After 64 years, I'm worthless: thanks for that, Joe Hockey

On budget night night I found out what I'm worth as a citizen of Australia. I have raised three children to be amazing adults, volunteered for school reading programs, school canteen duty, made things for countless fetes, and for more than 20 years delivered meals-on-wheels, but with the axing of the Dependent Spouse Rebate on Tuesday night, I am now worth nothing in the eyes of my government. It seems as though the only thing I'm good for is to be blamed for when I was born and therefore causing so many of the country's woes. At 64 years of age, I am totally worthless. Thank you, Joe Hockey.

Helen Davies, Melba

I think Ice Hockey Joe has more than tobacco in his cigar. ''Think of your country and not yourself,'' he says. Tell that to the 16,000 people who are being shifted from the workforce and forced on to the dole. Good politics? I don't think so.

How is thinking of the country a bigger priority than feeding your family? How are these people expected to pay their mortgage? I take it Big Joe has provided rent assistance for them in the budget. Sixteen thousand workers not paying tax, plus reduced GST because they can't afford to spend. I can see why Joe is sacking so many tax staff - they just won't be needed.

A. Mutch, Nicholls

Well may we say, ''We survived the global financial crisis'', for nothing will save us from the horrible consequences of Joe Hockey's budget.


Annie Lang, Kambah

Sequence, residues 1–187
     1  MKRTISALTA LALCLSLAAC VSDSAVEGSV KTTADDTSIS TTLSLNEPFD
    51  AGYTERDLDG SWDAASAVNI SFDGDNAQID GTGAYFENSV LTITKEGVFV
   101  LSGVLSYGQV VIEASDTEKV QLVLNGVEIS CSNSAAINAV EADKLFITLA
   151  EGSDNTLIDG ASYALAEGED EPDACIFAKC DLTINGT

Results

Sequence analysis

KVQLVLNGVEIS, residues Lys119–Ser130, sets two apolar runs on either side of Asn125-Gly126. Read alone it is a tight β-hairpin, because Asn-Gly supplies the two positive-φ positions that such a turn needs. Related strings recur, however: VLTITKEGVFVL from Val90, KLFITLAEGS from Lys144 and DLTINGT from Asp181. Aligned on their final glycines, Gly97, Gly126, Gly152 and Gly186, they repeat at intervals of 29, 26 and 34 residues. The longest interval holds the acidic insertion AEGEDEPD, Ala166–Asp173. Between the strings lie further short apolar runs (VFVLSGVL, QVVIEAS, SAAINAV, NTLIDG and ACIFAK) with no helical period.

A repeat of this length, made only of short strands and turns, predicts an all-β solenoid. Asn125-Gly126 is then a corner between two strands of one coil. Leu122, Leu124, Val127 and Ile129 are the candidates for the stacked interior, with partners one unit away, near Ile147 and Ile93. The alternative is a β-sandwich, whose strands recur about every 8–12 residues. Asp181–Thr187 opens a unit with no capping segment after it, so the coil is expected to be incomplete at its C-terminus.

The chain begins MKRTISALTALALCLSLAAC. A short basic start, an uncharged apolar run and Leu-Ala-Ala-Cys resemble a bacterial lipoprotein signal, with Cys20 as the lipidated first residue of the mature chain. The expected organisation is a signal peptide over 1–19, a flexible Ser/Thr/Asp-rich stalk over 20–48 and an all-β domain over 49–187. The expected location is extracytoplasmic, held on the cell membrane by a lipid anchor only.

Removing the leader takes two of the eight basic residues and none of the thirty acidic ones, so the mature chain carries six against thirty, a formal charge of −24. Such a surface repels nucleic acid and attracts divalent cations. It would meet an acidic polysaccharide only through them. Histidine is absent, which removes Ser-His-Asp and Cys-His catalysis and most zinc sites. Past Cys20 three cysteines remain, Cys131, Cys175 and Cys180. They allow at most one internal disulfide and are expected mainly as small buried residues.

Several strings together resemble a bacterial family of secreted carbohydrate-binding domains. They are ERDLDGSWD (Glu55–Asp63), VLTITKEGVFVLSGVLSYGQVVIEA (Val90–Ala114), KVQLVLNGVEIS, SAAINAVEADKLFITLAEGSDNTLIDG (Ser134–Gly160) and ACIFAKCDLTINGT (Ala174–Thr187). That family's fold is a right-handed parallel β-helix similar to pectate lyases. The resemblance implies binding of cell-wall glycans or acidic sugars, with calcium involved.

After the Coalition won office, Labor's projected four-year deficit of $60-odd billion suddenly became $120-odd billion. After three years of Hockeynomics, the Coalition expects to reduce it to $60-odd billion.

Can anyone tell me - if Labor had delivered Hockey's budget would the deficit in three years be $30-odd billion or zero?

S.W. Davey, Torrens

Delaying welfare by six months is tantamount to abolishing welfare. Australia can afford the modest debt it had, and still has. It cannot afford a generation of homeless, helpless, sick and desperate people.

Alex Raupach, Chifley

Petrol prices to jump means the cost of transportation must go up, which means an increase in the cost of living, regardless of your income.

John Milne, Chapman

When the budget is voted on, I expect the verdict will be: ''The lies have it.''

P. Robertson, Rivett

Balance the budget, and bugger the people.

Anne Willenborg, Royalla, NSW

It's a question of trust

Both Julia Gillard and Tony Abbott have now famously broken pre-election promises. Yet Tony Abbott is still trying to push the trust card and saying we can trust him to run the country. But it's too late - the damage has been done.

Both Labor and the Coalition will now find it extremely difficult to convince the public that anything they say can be relied on.

Recent surveys have shown voters moving to the Greens, the Palmer United Party, the independents and the like. It will be interesting to see whether the post-budget surveys show a reinforcement of this trend.

People have notoriously short memories, but the question of trust will surely come back to haunt the major parties - and they will have only themselves to blame.

Tony Williams, Kingston

Debt's not a disaster

My congratulations to H. Ronald (Letters, May 10) for paying cash for his house (assuming, of course, he is not a renter) and his car. I am also impressed by his refusal to have a credit card - I only wish I had his means, and/or his self-discipline. My wife and I, on the other hand, have a mortgage which is more than double our annual pre-tax income, and rely on the fantastic plastic to ensure the smooth running of our household. And yet we live comfortably and do not feel we are being financially irresponsible - our household has no ''budget emergency''.